password problems everywhere
PC Matic password hygiene report

It’s a growing cybersecurity problem that consumers and business simply can’t seem to clean up. It’s password hygiene and it’s a big challenge according to new research from PC Matic.

“While this may seem like a minor detail, password hygiene is becoming a growing threat in the cybersphere and is leading to many of the breaches we’re seeing today,” says PC Matic CEO and founder, Rob Cheng.

The research provides surprising insights into the frequency passwords are changed, how often the same credentials are used in different settings, and how passwords are stored. And there are implications for businesses and payments providers too.

Phishing risks

Phishing risk growing

Many of us have seen malicious emails that include attachments riddled with various forms of malware, including ransomware, or links that prompt victims to divulge personal or banking information. Cybercriminals are getting very good at phishing.

69% of the 5,000 US residents surveyed said they have seen phishing emails. But, a surprising 16% were unaware or not familiar with these annoying and dangerous practices. The most alarming fact is that one in four of these 16% work in information technology and security!

Impact of cybercrime on business

cybercrime costs business

According to the Ninth Annual Cost of Cybercrime Study released by Accenture and the Ponemon Institute, the average cost of cybercrime for an organization has increased $1.4 million over the past year, to $13.0 million, and the average number of security breaches in the last year rose by 11% from 130 to 145.

The Internet Society estimates the annual cost of cybercrime at more than $45 billion globally. It also says there were more than 2 million cyber incidents in 2018, which may also be seriously underreported.

Two-factor authentication a factor

password security challenges

PC Matic found that 14% of people were not aware or familiar with two-factor authentication is a way to secure their personal or private information. Of even more concern, 20% of individuals are aware of two-factor authentication, but consciously choose not to use it or opt out of it.

What’s a poor cybersecurity manager supposed to do with that?

Of those using two-factor authentication, 15% used it at work, 23% at home, and 26% at both home and work. There’s lots of room for improvement here.

What VPN?

When it comes to virtual private networks (VPNs), 10% of security employees reported no knowledge of what a VPN is or how it works, while 20% of respondents overall were not aware of VPNs. 45% said their employers did not require the use of this additional security measure.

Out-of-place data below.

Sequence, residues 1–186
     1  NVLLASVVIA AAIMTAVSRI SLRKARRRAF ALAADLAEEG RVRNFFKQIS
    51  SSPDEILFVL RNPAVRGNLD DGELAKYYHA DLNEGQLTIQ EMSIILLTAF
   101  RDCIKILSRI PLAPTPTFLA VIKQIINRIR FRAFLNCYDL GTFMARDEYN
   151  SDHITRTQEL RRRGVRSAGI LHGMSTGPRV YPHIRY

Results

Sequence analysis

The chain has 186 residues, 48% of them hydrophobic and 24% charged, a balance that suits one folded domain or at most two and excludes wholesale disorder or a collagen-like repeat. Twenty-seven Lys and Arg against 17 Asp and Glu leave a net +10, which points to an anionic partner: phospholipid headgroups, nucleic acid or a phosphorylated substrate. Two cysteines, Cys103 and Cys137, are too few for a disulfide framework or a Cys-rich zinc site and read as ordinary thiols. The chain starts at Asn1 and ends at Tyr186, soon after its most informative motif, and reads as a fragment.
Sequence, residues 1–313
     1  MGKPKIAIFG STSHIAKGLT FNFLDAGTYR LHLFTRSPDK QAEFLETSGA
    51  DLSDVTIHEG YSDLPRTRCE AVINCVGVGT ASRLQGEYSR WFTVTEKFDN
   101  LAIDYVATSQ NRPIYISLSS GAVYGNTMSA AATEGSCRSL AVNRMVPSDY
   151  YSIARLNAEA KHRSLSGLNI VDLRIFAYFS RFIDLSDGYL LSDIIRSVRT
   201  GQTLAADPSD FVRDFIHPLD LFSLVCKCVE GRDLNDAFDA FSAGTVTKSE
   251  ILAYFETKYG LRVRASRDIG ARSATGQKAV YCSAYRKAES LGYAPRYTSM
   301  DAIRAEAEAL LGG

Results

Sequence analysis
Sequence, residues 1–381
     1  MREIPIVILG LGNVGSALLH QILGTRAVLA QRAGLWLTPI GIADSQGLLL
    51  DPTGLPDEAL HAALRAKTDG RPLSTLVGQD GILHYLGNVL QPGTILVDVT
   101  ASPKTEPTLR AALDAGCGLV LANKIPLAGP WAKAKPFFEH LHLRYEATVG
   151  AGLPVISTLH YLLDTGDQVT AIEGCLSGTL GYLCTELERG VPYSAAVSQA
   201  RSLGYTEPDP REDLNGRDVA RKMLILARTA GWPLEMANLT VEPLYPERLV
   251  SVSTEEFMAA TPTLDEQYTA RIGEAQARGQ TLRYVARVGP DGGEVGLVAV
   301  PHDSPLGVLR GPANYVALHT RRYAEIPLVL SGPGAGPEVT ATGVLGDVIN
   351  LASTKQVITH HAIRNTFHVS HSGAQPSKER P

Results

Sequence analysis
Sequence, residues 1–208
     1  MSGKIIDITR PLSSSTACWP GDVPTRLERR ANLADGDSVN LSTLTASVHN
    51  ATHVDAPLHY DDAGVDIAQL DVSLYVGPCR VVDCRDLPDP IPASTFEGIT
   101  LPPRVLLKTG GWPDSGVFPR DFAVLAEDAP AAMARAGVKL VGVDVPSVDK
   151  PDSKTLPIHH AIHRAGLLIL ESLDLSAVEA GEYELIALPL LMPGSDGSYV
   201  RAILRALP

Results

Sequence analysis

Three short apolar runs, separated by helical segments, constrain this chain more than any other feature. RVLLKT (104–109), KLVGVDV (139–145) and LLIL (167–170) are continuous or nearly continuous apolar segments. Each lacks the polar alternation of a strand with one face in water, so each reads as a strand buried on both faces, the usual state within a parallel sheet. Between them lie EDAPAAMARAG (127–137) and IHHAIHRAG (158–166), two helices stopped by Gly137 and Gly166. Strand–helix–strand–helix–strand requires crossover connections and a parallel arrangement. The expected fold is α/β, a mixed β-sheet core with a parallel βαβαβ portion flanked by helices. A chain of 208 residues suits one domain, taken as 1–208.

Passwords problems proliferate

Not surprisingly, 50% of those surveyed said they do not change their password ever unless forced to do so. The problem becomes even more serious after a data breach or other security compromise or when businesses do not mandate or require a frequent password change.

55% said they remember their password in their head, which means users are likely using the same password for multiple accounts. The practice gets harder as some businesses require frequent password changes or higher levels of password complexity.

Other ways of remembering passwords included writing them down (26%) and only 19% who used a password manager. 45% of those over 60 write down and store their password in a convenient place (Hey, mom and dad!). Probably a reason for the always-popular sticky notes!

Bad news for business

If employees use common passwords at home and work, the risk of a business security compromise is higher, especially as only 50% will change their password only if forced to do so.

password managers protect personal info online

Over 55% of businesses required employees to change passwords less than twice a year and 20% of government employees said they had never changed their password.

Another rising concern for business is that nearly half of employees access their personal email from work, exposing businesses to further cybersecurity risks from malware and ransomware.

Cleaning up business passwords

PC Matic offered several practical tips for better business password hygiene including:

cybersecurity password tips for business
  • employee password updates every six weeks
  • enable two-factor authentication
  • require predetermined password strength
  • utilize a password vault
  • require employees to connect through a VPN when doing work-related tasks
  • use filters to protect online activity
  • regularly conduct employee cybersecurity training.

With today’s much-improved tools and technology, there’s no excuse for consumers and businesses not to clean up their dirty password problems.

You can read more of PC Matic’s 2019 Password Hygiene and Habits Report insights here.

Visuals courtesy of PC Matic